Just because you ran $1000
or $10,000 in Facebook ads

and it didn't work, it might
be the picture or video

that you put in front of people sucked
and didn't compel them to buy anything.
The attentions under-priced.
There is no doubt.
The attention's massively under-priced.
I built my family's wine business
on under-priced attention,
on email and Google AdWords.

Those were the early 2000s.
I know what it looks like.
It's exactly what's happening right now
with Facebook and
Instagram and influencers.

They're just under-priced.
Pre-Rolled podcasts, under-priced.
There is no debate that the
attention is under-priced.

There's a reason that
Wish, the shopping app,

does 6 billion dollars
in revenue on the back

of 98% Facebook ads.
It's under-priced.
But are you capable to
create contextual creative

at scale, that's the question.
Can you produce 97 pieces of content
for 97 different demographics
and psychographics

and then run ads against
them to compel them

to buy you're things.
If I'm selling sneakers, which I do,
there's going to be a
fundamental difference

of the video or picture
I'm going to put in front

of somebody who's 18, white
male, in New York City,

versus a 47 year old Latina
woman with two kids in Texas.

The problem is, when
auditing the 30 accounts

that I looked at, and
the hundreds of thousands

I do a year, 99% of people
make one to five pieces

of content and run their ads
and expect something to happen.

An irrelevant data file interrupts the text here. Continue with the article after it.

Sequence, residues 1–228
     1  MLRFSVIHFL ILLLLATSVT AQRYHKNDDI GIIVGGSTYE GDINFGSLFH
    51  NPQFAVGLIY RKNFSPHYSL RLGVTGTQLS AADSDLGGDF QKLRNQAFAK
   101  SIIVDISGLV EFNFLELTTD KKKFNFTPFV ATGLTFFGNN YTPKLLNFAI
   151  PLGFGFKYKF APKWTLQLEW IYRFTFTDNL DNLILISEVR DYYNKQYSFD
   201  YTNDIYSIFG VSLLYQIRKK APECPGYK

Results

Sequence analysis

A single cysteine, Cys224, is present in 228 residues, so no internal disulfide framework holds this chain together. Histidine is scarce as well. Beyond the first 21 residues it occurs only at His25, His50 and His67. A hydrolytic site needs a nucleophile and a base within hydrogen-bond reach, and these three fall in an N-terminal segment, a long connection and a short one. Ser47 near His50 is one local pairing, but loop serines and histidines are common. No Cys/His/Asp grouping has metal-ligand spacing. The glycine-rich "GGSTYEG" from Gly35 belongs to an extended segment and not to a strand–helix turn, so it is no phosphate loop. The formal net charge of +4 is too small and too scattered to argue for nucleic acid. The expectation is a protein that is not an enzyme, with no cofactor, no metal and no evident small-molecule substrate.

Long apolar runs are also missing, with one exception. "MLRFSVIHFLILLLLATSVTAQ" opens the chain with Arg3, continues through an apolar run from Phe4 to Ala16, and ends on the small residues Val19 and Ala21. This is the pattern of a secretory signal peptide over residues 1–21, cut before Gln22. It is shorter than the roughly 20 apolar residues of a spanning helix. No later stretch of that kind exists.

It is fundamentally not
contextual to the audience

that they're trying to reach.
Very simply put, everybody,
everybody's running creative
ads, media, marketing right now

as if it was 1997 and
the only options you had

was the newspaper, the
billboard, the radio,

and the television.
Meanwhile, we have
Facebook, and Instagram,

and influencers that allow
us to go way more long-tail.

The problem is people
haven't put in the time

and the effort to create the
content that's contextual

to the psychographics and demographics.
So, and I'm going very fucking nerdy
because I'm fucking fired
up right now on this.

I think that every person in here,
regardless of what they're trying to do,
whether they're trying to run for mayor,
raise money for a charity,
or sell their services,

needs to have at least
13 to 30 core audiences

that they produce content for every time.
So, literally, every time you
have something new going on,

you have to create 30